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December 2010
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February 2011

Normal Service Will Be Resumed Shortly. Meanwhile, Here's Ponyo On A Boat.

Yeah, yeah, yeah, I know. Three weeks into the new year, and there's been no activity since the usual first-of-the-month post. "Pressure of work" is a bit of a cliche to use in these circumstances, but it's true: I've barely had chance to draw breath over the past few weeks, and shouldn't really even be taking time out of my schedule to write this bit.

So, apologies for the lack of content here recently. There's definitely stuff in the pipeline, including the full story of our Christmas 2010 holiday (see if you can guess where we went this time), and the track listing for last year's Pick Of The Year CD. But you're used to those things appearing on here late, I guess.

To tide you over, with acknowledgements to the mad editing skillz of The Switcher, here's a video that cheered me up no end when I first saw it. If you fall inside the tiny Venn diagram overlap between fans of Hayao Miyazaki and fans of The Lonely Island, it may cheer you up too. Everyone else, on the other hand, will probably just be very very confused. Enjoy!


Simian Substitute Site for January 2011: Sock Monkey 2011 Calendar

Sock Monkey Calendar 2011 MONTH END PROCESSING FOR DECEMBER 2010

Books: Three books received in the Christmas stocking this year - haven't had time to sit down with any of them properly, so these are all first impressions gleaned from a quick skim. Len Deighton's Action Cook Book is the prequel to his French Cooking For Men that I mentioned a few months ago - an introductory guide to the theory and practice of preparing food, aimed at blokes who wanted to be just like that Harry Palmer off the pictures. Al Murray's Think Yourself British is a combination of bog book and self-help guide - you could probably work out most of the jokes yourself in advance from that description, but that doesn't stop them being funny. And John Waters' Role Models (his first book of essays for a while, and most welcome it is too) appears to be the trendy literary present for Xmas 2010: looking at Twitter on Christmas morning, it turned out that two of the people I follow (Robin Ince and FilmFan) had both received it too. 

Comedy: While we're on the subject of Robin Ince: for the last three years now, the comedian has been organising Nine Lessons And Carols For Godless People, a series of benefit shows for the Rationalist Association. Described as "a cross between the Royal Institution Lectures and the Royal Variety Show," they feature a unique mix of stand-up comedy, scientific lectures and music, all with the aim of providing a great Christmas night out for people who don't especially believe in Christmas. Highlight of this year's shows for me was the British Humanist Association Choir and their lovely performance of Tim Minchin's White Wine In The Sun, a song which seems to capture the emotional tone of Nine Lessons just perfectly. If you're curious, the current issue of New Humanist magazine has a cover-mounted DVD of highlights from the 2008 show, or you can buy an even longer version from Go Faster Stripe.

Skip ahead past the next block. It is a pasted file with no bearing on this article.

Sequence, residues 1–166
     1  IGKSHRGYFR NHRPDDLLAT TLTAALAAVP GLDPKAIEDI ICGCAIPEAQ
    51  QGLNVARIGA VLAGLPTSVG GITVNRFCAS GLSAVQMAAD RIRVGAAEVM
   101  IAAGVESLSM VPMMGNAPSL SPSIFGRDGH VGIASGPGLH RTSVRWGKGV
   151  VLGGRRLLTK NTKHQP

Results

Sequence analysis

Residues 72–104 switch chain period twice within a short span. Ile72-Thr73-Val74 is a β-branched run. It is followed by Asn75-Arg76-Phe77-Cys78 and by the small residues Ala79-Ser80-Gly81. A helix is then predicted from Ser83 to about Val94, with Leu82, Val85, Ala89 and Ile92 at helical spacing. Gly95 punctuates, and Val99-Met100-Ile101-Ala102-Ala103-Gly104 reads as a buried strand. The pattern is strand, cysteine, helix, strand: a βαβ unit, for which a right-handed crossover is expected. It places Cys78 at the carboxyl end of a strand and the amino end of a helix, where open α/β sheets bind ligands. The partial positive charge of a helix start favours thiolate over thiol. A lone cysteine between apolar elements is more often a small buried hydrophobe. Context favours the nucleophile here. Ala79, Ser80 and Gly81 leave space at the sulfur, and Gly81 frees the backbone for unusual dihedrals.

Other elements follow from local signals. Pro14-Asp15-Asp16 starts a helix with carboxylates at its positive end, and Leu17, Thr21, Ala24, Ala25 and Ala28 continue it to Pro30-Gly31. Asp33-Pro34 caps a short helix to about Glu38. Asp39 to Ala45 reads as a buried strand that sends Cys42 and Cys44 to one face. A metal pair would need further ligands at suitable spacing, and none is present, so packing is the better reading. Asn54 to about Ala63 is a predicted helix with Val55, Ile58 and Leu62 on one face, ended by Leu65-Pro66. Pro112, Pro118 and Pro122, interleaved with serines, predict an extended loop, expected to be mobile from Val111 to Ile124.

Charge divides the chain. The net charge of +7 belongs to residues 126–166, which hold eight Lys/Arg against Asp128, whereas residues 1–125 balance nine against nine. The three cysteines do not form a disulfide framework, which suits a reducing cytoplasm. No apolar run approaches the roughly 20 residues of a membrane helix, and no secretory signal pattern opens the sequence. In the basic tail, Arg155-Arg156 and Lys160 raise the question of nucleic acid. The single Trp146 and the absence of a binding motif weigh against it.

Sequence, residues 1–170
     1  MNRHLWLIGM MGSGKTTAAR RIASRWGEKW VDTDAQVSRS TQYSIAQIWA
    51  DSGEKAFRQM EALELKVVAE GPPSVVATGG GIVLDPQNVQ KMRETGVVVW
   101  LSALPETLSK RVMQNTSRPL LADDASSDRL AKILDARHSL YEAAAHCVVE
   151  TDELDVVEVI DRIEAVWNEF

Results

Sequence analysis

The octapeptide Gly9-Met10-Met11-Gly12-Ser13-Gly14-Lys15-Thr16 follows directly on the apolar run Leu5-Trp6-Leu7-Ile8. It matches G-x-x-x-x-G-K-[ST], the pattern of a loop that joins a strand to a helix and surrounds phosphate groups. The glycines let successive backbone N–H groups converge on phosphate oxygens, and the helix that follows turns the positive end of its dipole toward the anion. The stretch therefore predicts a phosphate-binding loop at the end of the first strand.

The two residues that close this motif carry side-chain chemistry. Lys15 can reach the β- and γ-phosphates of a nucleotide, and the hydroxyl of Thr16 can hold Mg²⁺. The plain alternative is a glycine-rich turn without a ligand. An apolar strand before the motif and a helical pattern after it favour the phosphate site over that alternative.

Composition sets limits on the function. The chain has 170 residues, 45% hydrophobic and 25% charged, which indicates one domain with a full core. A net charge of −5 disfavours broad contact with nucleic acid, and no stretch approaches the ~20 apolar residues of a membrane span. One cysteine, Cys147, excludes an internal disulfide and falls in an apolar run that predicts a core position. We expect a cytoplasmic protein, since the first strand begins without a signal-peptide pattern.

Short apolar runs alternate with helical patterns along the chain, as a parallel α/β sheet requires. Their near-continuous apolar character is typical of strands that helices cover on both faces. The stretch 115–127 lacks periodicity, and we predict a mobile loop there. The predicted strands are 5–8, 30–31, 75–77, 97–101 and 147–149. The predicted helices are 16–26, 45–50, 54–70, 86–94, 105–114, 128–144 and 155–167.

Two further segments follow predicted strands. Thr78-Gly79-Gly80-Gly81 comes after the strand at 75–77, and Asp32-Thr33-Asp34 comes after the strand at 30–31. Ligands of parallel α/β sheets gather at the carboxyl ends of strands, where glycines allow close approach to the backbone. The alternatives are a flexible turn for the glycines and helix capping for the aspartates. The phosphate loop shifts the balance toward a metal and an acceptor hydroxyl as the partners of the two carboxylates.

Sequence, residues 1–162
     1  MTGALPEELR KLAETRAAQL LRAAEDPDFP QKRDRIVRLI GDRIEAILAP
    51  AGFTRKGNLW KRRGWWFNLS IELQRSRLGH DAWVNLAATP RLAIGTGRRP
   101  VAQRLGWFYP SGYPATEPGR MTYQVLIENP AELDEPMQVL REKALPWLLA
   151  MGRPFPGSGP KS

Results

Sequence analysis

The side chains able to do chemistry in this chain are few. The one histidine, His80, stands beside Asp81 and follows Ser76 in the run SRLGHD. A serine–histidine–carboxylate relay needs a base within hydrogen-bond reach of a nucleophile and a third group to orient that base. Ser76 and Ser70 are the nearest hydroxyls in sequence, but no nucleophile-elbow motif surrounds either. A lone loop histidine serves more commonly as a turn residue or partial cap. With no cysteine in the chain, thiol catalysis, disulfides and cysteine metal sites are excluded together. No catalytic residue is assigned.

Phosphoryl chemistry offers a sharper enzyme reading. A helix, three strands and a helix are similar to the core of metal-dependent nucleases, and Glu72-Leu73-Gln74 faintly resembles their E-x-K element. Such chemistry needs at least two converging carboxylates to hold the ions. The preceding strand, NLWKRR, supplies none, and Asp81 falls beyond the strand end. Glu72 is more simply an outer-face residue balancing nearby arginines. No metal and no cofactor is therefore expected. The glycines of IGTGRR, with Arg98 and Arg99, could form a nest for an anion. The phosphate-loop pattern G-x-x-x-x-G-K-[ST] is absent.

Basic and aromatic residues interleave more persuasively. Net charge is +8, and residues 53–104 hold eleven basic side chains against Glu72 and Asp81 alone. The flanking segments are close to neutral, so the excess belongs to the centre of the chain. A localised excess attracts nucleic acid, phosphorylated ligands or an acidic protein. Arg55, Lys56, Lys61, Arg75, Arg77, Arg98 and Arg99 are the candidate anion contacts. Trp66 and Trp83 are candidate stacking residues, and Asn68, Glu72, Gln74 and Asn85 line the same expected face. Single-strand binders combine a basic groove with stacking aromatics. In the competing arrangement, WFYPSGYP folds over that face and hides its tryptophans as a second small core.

Music: New Year's Eve was spent in the delightful company of Wilko Johnson at the 100 Club, watching him smash down the boundaries between lead and rhythm guitar in much the same way as he's always done for the last 35 years. The 100 Club has been in the news recently, as it's one of a series of small London music venues that's been threatened with closure. Currently it's in some sort of Schrodinger's Cat state of being simultaneously Doomed and Not Doomed: the club manager insists a sponsorship deal is about to be announced, but seems very reluctant to make the details public. Meanwhile, one of the club's key promoters - Jim Driver of Rhythm At - has been told that even if the club does survive, there'll be no room for the older acts (like Wilko) that he regularly puts on there, and he's had to transfer operations to The Borderline. Hopefully they'll eventually reach a solution that keeps a decent amount of live music going in the capital.

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